After the Sepoy Mutiny in 1857, the British rulers of India banned all non-Europeans from owning firearms. It was their way of keeping the Indian people defenseless, if not totally submissive. Even Gandhi, the foremost proponent of non-violence, termed this act “the blackest” of the many misdeeds of the British rule in India.
The Indian Government replaced that law in 1959. Its replacement “granted every citizen the right to bear arms, regardless of race or social standing.” That was then and this is now.
As noted in an article in the Indian newspaper The National,
Along with highly restrictive curbs on the sale of ammunition and the creation of a national database of firearm owners, the new regulations also require gun-licence applicants to prove a “grave and imminent threat” to their lives in order to be approved.
Indian gunowners are outraged and have finally formed The National Association of Gun Rights India (Nagri) to fight for their gun rights. They have patterned it after the NRA. They aim to lobby lawmakers as well as fund legal cases to make it easier to own and carry firearms.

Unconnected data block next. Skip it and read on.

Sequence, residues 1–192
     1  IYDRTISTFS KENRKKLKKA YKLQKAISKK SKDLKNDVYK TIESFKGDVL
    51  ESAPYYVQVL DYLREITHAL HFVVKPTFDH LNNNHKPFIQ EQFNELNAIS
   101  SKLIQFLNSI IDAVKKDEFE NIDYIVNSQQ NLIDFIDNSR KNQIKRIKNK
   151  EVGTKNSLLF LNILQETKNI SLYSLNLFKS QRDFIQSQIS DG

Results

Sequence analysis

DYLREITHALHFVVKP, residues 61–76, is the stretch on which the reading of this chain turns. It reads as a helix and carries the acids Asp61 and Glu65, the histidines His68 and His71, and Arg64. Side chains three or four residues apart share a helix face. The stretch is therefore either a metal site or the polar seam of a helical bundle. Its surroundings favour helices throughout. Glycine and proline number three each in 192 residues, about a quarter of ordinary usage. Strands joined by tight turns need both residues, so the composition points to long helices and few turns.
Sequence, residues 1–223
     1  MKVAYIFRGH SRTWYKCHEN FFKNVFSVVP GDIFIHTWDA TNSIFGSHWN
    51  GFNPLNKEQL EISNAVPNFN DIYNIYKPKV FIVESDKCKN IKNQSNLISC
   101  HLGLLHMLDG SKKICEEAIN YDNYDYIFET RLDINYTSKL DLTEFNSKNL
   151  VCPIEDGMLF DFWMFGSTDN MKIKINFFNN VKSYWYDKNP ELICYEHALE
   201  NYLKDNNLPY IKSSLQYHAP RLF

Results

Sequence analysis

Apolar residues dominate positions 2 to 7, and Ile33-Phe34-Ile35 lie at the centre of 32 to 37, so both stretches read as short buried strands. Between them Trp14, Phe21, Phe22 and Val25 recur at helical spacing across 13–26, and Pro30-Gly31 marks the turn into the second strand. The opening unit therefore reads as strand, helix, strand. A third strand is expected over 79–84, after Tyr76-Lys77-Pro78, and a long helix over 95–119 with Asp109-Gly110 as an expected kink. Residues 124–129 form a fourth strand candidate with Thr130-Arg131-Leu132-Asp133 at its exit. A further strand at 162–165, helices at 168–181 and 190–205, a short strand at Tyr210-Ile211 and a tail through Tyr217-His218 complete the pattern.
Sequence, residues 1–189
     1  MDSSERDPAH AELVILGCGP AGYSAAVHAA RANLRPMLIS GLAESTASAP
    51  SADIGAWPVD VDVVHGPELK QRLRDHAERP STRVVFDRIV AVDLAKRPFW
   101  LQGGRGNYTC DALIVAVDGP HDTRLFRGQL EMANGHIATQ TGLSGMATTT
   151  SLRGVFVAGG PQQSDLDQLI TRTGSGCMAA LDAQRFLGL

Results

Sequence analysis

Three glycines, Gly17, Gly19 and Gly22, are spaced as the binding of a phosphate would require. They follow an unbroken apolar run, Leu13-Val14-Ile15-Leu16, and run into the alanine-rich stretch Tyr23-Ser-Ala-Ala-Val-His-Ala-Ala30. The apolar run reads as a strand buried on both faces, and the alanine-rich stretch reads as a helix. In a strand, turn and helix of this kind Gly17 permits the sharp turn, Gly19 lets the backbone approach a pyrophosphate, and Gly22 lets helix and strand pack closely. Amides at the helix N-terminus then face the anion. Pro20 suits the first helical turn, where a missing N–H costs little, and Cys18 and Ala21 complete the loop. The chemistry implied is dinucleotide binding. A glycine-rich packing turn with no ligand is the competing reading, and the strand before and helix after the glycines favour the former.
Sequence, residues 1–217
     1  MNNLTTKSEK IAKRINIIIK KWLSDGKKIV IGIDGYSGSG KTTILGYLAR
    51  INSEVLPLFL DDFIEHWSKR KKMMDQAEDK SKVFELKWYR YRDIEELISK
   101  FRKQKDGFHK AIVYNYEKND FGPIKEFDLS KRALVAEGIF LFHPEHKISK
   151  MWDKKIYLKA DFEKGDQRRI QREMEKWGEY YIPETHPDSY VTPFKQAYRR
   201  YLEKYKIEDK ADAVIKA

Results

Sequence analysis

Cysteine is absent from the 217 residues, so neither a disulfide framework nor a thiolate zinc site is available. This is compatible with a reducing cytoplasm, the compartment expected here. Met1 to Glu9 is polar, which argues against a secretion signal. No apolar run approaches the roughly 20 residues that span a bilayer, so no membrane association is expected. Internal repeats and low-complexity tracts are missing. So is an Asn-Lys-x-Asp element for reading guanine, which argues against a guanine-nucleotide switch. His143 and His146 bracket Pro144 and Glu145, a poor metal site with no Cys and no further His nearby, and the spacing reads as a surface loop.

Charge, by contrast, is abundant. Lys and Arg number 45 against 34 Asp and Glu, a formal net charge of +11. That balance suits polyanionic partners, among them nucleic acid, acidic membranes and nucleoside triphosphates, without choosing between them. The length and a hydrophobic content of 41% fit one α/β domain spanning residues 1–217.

This month the organisation began a membership drive – and in doing so, they have provoked a debate about the role of fire arms in the land of Mahatma Gandhi.
“The bottom line is it’s about freedom,” said Abhijeet Singh, 37, an entrepreneur and one of Nagri’s founders.
“The first line of defence has to be the citizen. It always has been like that, it will always continue to be like that.”
Their opposition, Control Arms Foundation of India (Cafi), takes the same approach as the Brady Campaign and seeks to blame the gun and not the criminal.
But anti-gun campaigners say arming citizens is not the way forward. The Control Arms Foundation of India (Cafi), which was set in up 2004 in response to rising gun crime in the north-east, estimates there are already some 46 million firearms in India, making it the country with the second largest number of guns in civilian hands after the US.
“If I say I am going to protect myself then I exempt the state from doing its job. What India are we living in? This is not some failed state,” said Arundhati Ghose, a former India ambassador to the UN who campaigns for Cafi.
The founder of NAGRI counters that is nonsense. He notes that criminals can get more firepower and be less traceable if they go to the black market.
This is a group that bears watching. It would be nice to see real gun rights come to the second largest country in the world.